# Math is Figure-Out-Able!

Math teacher educator Pam Harris and her cohost Kim Montague answer the question: If not algorithms, then what? Join them for ~15-30 minutes every Tuesday as they cast their vision for mathematics education and give actionable items to help teachers teach math that is Figure-Out-Able. See www.MathisFigureOutAble.com for more great resources!

## Math is Figure-Out-Able!

# Ep 227: Solving Equations Pt 1

Do we need to memorize a bunch of rules to solve linear equations or can we reason about them? In this episode Pam and Kim use a model to make thinking visible and keep students reasoning!

Talking Points:

- Modeling on a double open number line
- Finding where x lies on a double open number line.
- Grappling with the opposite of x
- Building integer sense as well as building equation solving sense
- Reasoning about an equation versus balancing an equation

Check out our social media

Twitter: @PWHarris

Instagram: Pam Harris_math

Facebook: Pam Harris, author, mathematics education

Linkedin: Pam Harris Consulting LLC

**Pam **00:00

Hey, fellow mathers! Welcome to the podcast where Math is Figure-Out-Able. I'm Pam Harris, a former mimicker turned mather.

**Kim **00:09

And I'm Kim Montague, a reasoner who now knows how to share her thinking with others. At Math is Figure-Out-Able, we are on a mission to improve math teaching.

**Pam **00:17

We know that algorithms are amazing human achievements, but they're not good teaching tools because mimicking step-by-step procedures can actually trap students into using less sophisticated reasoning than the problems are intended to develop.

**Kim **00:31

In this podcast, we help you teach mathing, building relationships with your students, and grappling with mathematical relationships.

**Pam **00:38

And we invite you to join us to make math more figure-out-able. Hey, Kim,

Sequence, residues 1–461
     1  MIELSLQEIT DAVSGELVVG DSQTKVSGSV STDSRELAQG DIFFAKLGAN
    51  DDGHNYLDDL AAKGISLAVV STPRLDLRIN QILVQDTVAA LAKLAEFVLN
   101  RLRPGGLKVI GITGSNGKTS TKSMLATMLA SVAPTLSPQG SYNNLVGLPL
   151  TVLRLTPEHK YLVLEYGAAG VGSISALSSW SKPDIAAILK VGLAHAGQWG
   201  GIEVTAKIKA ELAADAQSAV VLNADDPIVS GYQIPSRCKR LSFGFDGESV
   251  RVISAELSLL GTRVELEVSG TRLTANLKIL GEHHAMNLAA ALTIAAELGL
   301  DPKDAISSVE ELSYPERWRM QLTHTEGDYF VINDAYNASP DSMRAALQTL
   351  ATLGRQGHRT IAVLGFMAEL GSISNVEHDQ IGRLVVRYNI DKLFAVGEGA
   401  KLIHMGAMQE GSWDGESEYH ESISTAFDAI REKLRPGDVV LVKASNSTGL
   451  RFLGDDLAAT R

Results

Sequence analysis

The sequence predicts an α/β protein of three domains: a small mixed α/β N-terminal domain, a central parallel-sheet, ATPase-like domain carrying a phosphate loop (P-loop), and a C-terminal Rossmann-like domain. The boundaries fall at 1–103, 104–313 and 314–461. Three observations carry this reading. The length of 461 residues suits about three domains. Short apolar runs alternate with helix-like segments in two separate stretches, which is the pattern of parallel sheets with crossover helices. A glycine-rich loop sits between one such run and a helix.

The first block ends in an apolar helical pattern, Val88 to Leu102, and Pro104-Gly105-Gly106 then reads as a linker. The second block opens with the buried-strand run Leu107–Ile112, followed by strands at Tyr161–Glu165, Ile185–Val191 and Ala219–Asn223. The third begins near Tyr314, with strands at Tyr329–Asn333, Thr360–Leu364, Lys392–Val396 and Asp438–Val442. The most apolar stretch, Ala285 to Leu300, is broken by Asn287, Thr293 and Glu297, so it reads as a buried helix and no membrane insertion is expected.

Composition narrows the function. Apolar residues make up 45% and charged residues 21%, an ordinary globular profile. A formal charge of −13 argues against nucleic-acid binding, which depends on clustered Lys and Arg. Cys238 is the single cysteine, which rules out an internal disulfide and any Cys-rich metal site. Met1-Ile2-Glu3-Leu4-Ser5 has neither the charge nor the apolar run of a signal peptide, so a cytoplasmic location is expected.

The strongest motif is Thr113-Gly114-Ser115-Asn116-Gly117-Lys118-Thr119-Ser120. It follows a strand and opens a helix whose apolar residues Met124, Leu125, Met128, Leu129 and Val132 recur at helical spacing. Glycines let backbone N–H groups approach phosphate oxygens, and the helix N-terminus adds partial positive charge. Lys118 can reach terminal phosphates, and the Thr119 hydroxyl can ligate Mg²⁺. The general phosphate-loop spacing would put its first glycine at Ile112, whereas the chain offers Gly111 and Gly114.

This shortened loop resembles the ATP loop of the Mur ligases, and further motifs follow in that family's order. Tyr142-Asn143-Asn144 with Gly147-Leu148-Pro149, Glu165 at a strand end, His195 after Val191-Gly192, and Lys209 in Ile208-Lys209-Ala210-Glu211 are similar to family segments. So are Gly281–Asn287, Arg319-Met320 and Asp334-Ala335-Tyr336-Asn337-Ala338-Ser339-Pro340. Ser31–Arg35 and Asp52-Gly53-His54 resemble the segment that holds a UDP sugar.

**Kim **00:43

Hi.

**Pam **00:44

How's it going?

**Kim **00:45

It's good. You know, we knew what our topic was going to be today, and I found something which I think is super fun. The person who asked for this podcast had left a review at one point.

**Pam **00:59

Oh, nice.

**Kim **00:59

So, I think that's super cool, so I found it. This is from InTurk and the title is Middle School Math coach. Which is always a fun job.

**Pam **01:08

Yeah.

**Kim **01:08

And they said, "I love your show. I've been waiting to be inspired, and thanks to you, I'm now inspired to make some great changes to our program. I recommended it to our school district and asked them to consider using your strategies. I'm so bummed I didn't hear of you till last year, but I binged listened to 177 episodes starting last summer." We hear that a lot. That's a lot of Pam and Kim talking. I'm using your strategies in my collaboration meetings, but I have senior staff, and it is hard to convince them to change their practice. I'm close to retirement. I'm determined to convince my staff, if not the whole district, to make math figure-out-able. I think our kids would benefit so much from doing so. You guys are brilliant."

**Pam **01:48

Aww!

**Kim **01:50

That sweet?

**Pam **01:50

Thanks for finding that. Thanks for reading that. Thanks, InTurk. Yeah, that's awesome. Sweet!

**Kim **01:55

So, we'll see how brilliant that I am today because today we are going to live in the land of older grades. Nera asked for some content about substitution and elimination.

**Pam **02:08

Yeah. So, let's talk a little bit about systems of equations and solving systems of equations. But today, we're actually going to back up a little bit and kind of do a little bit of groundwork. So, it's not too, too old. If you're a teacher of younger grades, I hope you're still listening. You'll definitely be able to follow along. I'm going to base a lot of what we do today on some work... Well, based on. That's quite the right way. I'll give credit to Chris Shore and Clothesline Math for some of the ideas.

**Kim **02:35

Yeah.

**Pam **02:35